Monday, September 23, 2013

Tankers in the Falklands, C130s to the scrapyard...

Thanks to Tony Osborne's tweeter feed. He is one to follow, if you are not doing it already.

Tony Osborne ‏@Rotorfocus 40m
Tristar retirement still expected in March 14, but RAF has option of six month extension. #avgeeks

Tony Osborne ‏@Rotorfocus 34m @Airtanker will base one Voyager in the Falklands from March after Tristar retirement, but RAF is exploring other tanker options #avgeeks

Tony Osborne ‏@Rotorfocus 35m

A330/Voyager will not fit into hangar at Mount Pleasant airfield, Falkland Islands, among issues #avgeeks

Again i say, could the BAE 146 MK3 become the Falklands tanker after Afghanistan is over...?

Also, one sad but not unexpected news:

Tony Osborne ‏@Rotorfocus 39m

RAF will retire/withdraw four C-130J C5 (short) models during 2016 as part of drawdown of Hercules fleet. #avgeeks


  1. BAe 146 configured as a tanker hasn't got the fuel to give away to support two Typhoons diverting to Chile. The more logical solution is to base two A400M at MPA replacing the C130J and A330. Buy the wing pods and the A400M is a highly suitable tanker for MPA.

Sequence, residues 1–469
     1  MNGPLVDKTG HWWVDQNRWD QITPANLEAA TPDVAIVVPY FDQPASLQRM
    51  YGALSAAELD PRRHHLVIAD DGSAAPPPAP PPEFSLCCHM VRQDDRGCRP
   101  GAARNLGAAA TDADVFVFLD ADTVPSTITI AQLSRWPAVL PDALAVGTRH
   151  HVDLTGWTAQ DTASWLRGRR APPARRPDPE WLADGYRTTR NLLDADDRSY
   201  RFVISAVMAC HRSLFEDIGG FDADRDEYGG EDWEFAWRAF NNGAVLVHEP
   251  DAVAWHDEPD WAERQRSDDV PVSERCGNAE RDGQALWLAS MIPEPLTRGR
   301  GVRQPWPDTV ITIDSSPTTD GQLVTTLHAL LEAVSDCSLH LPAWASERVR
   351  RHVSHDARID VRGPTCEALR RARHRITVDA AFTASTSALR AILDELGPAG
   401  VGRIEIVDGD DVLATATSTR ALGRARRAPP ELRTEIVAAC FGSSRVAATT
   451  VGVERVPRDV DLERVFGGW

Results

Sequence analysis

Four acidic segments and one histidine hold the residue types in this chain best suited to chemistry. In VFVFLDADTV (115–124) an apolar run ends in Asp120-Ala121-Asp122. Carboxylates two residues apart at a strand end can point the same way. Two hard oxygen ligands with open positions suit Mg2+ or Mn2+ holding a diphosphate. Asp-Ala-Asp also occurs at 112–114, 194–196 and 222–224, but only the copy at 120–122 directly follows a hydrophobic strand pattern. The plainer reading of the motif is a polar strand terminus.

2. The decision to retire 4 Hercules C5 is dissapointing, especially when it seems to me that the most obvious solution for the Falklands tanker issue would be simply to employ a modified Hercules as the tanker for the next decade.

  3. Fedaykin - just following up on your comments -

    1. No decision has been taken to deploy an A330 at MPA although obviously with only 9 aircraft available this isn't really likely to be sustainable as an option
    2. Your suggestion that 2 A400M be deployed may be logical, if money and operational capabilities elsewhere were not object, but to be clear -
    a. The RAF are only planning to buy 22, which probably translates into 16 operational, which would mean 13% of the entire fleet being deployed to the Falklands....
    b. The RAF are specifically not planning to buy the air to air refueling pods for the A400M and there my actual be a problem with that anyway - I am pretty sure that there are elements of the Airtanker contract which say the RAF can't use air to air refueling solutions.....
    The later point would probably mean whatever additional airframe is procured to carry out the service will need to be done via the airtanker contract....

    1. They could always change their mind about the A400 AAR kit.

      As for the Air Tanker "exclusivity clause", i think you, like so many others, are reading it in the wrong way. But i'm sincerely tired like hell to explain it again and again, so i just link you to my old piece on the FSTA contract: